The last song on the album, “The Seven Seas of Rhye†starts out with an upbeat piano part, and some majestic guitar work from Brian May. It is a song which defines the lighter side of Queen; upbeat and lively, yet still hard rocking. At about the 1 minute mark, the backing vocals come in, with some of the best backing vocals featured in the album. This song reminds the listener of the ending to the movie mentioned in the last paragraph. This would be played in the part of the movie where the hero has returned home, and there is a big celebration going on for the hero. The mood created in this song is fantastic, and it is without a doubt the perfect way to end a perfect album.

This album shows what is so great about Queen, even though it shows what the critics don’t like about Queen. Many snobby rock critics will always hate Queen, and denounce them as too extravagant, too pompous, too over the top, too self-important. In response to the critics, of course Queen is all of these things. Yes, they are extravagant, pompous, over the top, and self-important. That is what’s great about Queen. Queen represents the over-indulgency of glam-rock that no other band did quite as well as Queen. And with its level of extravagance and excessiveness, there is always enough musical enjoyment left to enjoy every time you listen to this album. And as for the self-importance that the critics denounce, all that shows is 2 things. One, Queen knows they make great music. Two, critics are biased against any band who thinks they are better than the critics. The critics are merely intimated by the greatness of Queen. Don’t be intimidated by Queen’s awesomeness. Don’t listen to the critics. Listen to the music. Listen to Queen II.

Link to comment
Share on other sites

  • 1 month later...

Definitely Queen's finest moment...I remember having to buy it because 7 Seas of Rye is introduced on Queen 1 but only lasts a few seconds and sounded awesome....Q2 did not disappoint.

For anyone visiting London “Fairy Feller’s Master-Stroke†is a painting in the Tate by a Victorian artist called Richard Dadds who went crackers and murdered his father...it's an extraordiary painting and well worth a look.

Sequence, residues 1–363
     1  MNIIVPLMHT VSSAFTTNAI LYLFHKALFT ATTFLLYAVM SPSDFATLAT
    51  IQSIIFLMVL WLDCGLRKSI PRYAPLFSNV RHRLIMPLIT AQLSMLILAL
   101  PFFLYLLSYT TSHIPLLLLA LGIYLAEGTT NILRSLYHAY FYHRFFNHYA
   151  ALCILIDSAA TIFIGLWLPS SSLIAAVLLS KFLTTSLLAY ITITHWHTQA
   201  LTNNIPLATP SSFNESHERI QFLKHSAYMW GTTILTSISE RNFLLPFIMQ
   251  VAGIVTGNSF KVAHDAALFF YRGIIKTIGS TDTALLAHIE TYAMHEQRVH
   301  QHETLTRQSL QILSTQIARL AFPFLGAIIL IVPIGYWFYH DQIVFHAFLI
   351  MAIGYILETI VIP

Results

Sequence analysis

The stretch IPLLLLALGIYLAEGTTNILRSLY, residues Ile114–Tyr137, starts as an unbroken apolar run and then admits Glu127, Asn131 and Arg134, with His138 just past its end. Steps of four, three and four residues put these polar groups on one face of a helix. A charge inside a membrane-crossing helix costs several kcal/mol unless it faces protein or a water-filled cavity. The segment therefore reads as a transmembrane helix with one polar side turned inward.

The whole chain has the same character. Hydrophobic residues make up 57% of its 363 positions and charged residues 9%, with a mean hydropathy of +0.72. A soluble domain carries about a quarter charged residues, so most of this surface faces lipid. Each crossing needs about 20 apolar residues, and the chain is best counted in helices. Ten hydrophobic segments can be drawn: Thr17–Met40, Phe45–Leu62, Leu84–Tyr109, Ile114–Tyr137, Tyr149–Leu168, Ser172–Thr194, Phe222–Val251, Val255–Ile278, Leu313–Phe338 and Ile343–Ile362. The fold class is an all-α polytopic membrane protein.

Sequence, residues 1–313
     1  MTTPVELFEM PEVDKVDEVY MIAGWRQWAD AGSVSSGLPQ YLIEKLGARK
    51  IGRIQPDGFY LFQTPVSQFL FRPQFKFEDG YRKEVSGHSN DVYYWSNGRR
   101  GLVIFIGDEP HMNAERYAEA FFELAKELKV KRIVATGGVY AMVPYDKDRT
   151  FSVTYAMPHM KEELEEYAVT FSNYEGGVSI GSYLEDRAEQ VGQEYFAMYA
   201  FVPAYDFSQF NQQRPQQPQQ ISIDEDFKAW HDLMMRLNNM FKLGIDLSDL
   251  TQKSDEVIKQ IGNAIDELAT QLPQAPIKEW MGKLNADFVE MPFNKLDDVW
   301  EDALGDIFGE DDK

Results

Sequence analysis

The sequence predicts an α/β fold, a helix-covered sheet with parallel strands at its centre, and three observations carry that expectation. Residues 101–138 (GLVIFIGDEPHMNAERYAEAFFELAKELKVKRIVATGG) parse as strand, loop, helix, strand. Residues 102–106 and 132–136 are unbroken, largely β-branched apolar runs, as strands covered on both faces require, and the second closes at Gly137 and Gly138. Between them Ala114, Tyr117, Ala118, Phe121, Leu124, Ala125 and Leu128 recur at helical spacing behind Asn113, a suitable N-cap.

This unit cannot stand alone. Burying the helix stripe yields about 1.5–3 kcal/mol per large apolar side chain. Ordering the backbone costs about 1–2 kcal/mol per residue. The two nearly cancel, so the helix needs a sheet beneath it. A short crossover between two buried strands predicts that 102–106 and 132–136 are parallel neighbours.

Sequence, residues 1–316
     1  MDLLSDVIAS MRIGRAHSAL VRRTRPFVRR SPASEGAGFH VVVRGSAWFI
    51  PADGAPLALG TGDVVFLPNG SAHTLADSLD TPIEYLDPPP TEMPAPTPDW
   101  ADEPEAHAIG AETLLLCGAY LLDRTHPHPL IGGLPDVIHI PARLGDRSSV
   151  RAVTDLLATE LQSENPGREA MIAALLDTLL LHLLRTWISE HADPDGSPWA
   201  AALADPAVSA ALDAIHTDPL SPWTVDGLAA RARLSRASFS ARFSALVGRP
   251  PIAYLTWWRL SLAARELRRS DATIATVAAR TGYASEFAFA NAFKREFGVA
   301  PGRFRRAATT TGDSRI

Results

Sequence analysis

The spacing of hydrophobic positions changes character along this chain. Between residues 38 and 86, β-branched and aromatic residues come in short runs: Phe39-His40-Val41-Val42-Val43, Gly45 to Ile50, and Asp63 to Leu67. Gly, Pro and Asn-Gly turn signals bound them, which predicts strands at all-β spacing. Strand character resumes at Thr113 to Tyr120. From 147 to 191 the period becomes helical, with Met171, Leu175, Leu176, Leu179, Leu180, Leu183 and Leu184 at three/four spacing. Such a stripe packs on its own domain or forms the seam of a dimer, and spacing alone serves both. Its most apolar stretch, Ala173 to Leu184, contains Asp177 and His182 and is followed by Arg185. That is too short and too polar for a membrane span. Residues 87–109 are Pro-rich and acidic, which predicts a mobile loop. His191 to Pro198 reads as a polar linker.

Q2 is their pinnacle in my opinion...downhill all the way from there (Sheer Heart Attack was good but unfortunately you could begin to see where they were heading into pompous glam rock...prior to that they were just inventively heavy) by A Day at the Races they'd completely lost it...IMHO

But Q2 :coolio:

Thanks for the excellent review.

Link to comment
Share on other sites

  • 5 months later...

Great review, it is also my favorite album!

In my opinion, I think it`s very underrated. People usually skip over this one, and go straight over to ANATO (which is not a bad thing, because ANATO is brilliant album also) But they should stop and listen to this one, because shortly, they will fall in love with it ;)

Link to comment
Share on other sites

'The March Of The Black Queen' is one of my favourite Queen songs :bow:

My favourite Queen album is 'Sheer Heart Attack' (even though johnny dismissed it as the beginnings of Queen's descent into 'pompous glam rock'....I adore glam rock so this is possibly why I like it so much :P;) ) But Queen's early stuff is amazing and should definitely not be passed over in favour of their later work.

Link to comment
Share on other sites

In my mind the Queen catalogue is:

Queen I

Queen II

Sheer Heart Attack

A Night At The Opera

A Day At The Races....

I could then pull singles from the following albums and probably create a great two album set.

I wish I had an easy way to share some of the great bootleg's I collected over the years....the early shows are fantastic...

Queen always came on stage with the pomp and glam...early and more later. i saw them 10 times between ('74 - '80 ((give or take))) and they never disappointed.

Link to comment
Share on other sites

  • 3 months later...

Please sign in to comment

You will be able to leave a comment after signing in

Sign In Now

  • Create New...